A FORMAL handover of vehicle keys was loudly applauded as Matt Viney MLC Member for Eastern Victoria officially presided over the presentation of the State’s second-only cab-chassis mounted ‘big fill’ fire fighting appliance to Toora Fire Brigade.
The audience of Toora Country Fire Authority (CFA) volunteers led by Captain David Scammell, friends, and CFA Gippsland General Manager Malcolm McKenzie was swelled by the presence of invited guests.
These included Cr Jeanette Harding of South Gippsland Shire, Rob Stallard of Esso Australia Pty Ltd Barry Beach Marine Terminal and John Stone of Toora Community Bank Branch of Bendigo Bank.
The primary purpose of a big fill appliance is to act as a mobile water fill point with very fast pumping capabilities that significantly reduces the turnaround time for replenishing empty tankers.
Captain Scammell explained, “The pump is capable of pumping 1,900 litres per minute, which fills one of our tankers in just two minutes instead of the previous 10 minutes and that makes a lot of difference on the fire ground.”
The big fill can quickly draw water from hydrants, mains, water tankers, tanks and in-ground water points such as dams and rivers, and then pump it into fire tankers, water tankers, collar tanks or wherever needed.
Alternatively the water can be sucked up and directly hosed from the big fill appliance onto a target.
To cope with the potential range of water sources and water destinations, cabinets fitted onto the vehicle chassis store a wide array of fittings and adaptors so the vehicle’s capacity can be connected with rural or metropolitan fire-fighting vehicles as well as some private tankers such as milk tankers being used to assist with transport of water for fire fighting purposes.
In addition to the standard flashing lights and sirens, the big fill appliance has a roof-mounted flashing green light which identifies the vehicle as a water fill point and a portable green strobe light that can be placed at an intersection to alert vehicles trying to find the big fill in low-visibility conditions.
Equipment stored in the lockers also includes a generator, powerboard, lights, rake-hoes, a range of hoses, floats, water filters and crew food/drink supplies.
Since the appliance’s delivery in December, Toora CFA has used it while attending car accidents, as a communications vehicle at community events, for advanced driver training, for pumping training, as an incident coordination vehicle and even as a means of transporting Santa to Toora’s Christmas party!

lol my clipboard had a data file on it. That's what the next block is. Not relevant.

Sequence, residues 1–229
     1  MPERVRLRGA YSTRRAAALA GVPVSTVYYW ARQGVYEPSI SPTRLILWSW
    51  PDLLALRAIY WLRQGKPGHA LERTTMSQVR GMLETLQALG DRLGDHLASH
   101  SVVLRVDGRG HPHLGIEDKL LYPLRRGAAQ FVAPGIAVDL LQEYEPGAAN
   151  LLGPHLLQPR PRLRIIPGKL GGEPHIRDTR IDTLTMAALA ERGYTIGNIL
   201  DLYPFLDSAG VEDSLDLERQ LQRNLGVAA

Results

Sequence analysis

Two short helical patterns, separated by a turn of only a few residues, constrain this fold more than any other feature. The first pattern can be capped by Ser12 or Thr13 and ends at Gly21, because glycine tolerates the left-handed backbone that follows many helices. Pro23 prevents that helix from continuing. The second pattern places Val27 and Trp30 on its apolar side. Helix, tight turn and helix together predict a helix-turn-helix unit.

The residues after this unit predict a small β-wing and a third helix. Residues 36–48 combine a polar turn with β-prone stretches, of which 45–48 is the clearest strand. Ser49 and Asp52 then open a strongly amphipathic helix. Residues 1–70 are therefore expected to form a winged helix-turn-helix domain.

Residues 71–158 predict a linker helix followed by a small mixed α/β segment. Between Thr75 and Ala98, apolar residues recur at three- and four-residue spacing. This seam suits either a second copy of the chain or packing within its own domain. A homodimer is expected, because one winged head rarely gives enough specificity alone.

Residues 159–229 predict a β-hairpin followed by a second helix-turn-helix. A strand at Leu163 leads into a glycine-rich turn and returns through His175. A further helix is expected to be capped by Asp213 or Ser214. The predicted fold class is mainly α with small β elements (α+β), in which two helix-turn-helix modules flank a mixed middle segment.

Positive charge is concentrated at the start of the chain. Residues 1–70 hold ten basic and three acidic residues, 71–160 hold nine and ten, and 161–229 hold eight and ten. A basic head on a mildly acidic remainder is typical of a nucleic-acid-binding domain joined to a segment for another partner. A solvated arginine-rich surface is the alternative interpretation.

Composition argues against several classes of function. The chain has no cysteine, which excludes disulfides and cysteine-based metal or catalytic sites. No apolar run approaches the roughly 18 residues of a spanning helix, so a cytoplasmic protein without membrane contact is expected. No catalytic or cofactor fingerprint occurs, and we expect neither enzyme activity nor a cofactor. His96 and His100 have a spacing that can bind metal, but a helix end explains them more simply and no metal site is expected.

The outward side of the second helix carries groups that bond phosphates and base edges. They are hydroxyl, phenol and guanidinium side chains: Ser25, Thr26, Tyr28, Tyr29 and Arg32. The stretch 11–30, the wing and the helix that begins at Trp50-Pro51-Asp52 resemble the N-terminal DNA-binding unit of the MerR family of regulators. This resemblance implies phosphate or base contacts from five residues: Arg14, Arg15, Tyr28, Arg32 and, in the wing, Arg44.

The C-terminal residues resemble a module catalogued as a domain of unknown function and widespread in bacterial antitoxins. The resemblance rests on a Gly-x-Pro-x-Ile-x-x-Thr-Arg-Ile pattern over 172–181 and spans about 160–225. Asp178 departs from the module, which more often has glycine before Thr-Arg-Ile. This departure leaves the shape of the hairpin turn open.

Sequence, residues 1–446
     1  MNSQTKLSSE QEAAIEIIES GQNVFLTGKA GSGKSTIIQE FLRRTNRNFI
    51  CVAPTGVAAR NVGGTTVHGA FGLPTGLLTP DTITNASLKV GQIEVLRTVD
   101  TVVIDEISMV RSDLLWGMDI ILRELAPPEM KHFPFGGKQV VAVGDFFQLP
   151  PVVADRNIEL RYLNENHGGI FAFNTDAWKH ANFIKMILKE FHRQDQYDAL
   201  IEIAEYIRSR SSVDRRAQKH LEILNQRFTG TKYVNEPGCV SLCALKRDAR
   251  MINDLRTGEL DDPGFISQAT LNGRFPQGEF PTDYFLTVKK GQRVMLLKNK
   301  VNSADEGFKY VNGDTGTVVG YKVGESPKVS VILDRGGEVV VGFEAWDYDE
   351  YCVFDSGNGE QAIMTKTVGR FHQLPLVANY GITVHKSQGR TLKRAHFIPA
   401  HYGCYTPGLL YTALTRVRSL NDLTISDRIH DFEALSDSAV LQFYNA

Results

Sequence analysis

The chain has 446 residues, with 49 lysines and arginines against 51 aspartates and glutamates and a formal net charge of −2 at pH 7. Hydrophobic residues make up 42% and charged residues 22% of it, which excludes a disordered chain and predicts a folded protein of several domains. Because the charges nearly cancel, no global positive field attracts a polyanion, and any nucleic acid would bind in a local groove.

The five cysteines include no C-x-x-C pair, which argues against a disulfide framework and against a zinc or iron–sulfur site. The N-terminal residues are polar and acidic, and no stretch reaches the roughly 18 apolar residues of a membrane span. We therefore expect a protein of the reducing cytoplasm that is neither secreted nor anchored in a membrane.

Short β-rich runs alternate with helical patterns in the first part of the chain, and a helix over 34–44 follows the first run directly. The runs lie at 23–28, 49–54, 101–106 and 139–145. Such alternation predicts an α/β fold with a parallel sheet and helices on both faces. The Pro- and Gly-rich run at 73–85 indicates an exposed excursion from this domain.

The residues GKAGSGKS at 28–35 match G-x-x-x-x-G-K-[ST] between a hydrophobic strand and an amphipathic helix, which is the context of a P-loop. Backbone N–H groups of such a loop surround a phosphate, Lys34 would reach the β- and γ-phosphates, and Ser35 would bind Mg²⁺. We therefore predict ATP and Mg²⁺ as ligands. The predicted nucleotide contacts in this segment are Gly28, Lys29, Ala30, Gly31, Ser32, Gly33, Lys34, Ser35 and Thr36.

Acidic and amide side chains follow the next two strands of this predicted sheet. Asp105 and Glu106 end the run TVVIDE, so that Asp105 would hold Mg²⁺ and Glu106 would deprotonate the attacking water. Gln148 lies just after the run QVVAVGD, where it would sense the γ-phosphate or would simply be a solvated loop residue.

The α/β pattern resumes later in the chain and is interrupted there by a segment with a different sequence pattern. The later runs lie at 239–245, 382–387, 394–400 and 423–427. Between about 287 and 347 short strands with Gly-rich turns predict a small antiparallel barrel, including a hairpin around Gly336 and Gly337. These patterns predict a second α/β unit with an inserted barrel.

Being a V-8 turbo-charged car and only requiring two crew members, the big fill appliance can reach an incident faster than the brigade’s trucks.
Cost & thanks
In total, the new appliance cost $114,500.
The purchase of the specially-strengthened Toyota Landcruiser manual cab/chassis long-wheelbase vehicle was covered by the State Government’s Community Safety Emergency Support Program.
The cost of the Rosenbauen Fox pump and fittings were jointly covered by the brigade’s contribution of more than $28,000 and a Federal Government grant from the National Emergency Volunteer Support Fund.
Captain Scammell gave heartfelt thanks to the volunteers for their efforts in fund raising and generation of income from fire equipment maintenance.
He also sincerely acknowledged valuable donations from contributors such as the ESSO Australia Barry Beach Marine Terminal, Fonterra, Toora IGA and service clubs such as Fish Creek Jaycees and Toora Lions.
The only other big fill appliance in the State is located in Western Victoria, so Toora Brigade anticipates that their latest acquisition will be used to help in many locations around Gippsland.
During his speech, Mr Viney thanked the volunteers for their community protection work and behind-the-scenes support and administration.
“If we had to use paid employees instead of volunteers, the cost would be prohibitive and we couldn’t meet the need,” he reflected.
Given the brigade’s current membership of 32, he felt that the CFA was being very well served and supported given the small size of Toora’s population.
Mr Viney added that in the 2010/11 financial year, the State Government had increased its budget by $136.6 million for bushfire preparation and response, training, personnel, upgrading information and warning systems, infrastructure (such as the big fill appliance), emergency coordination centres and community preparation.
He also referred to the Government’s commitment to improve land management systems so that the risk and workload for CFA volunteers and communities was made less intense and dangerous over the summer season.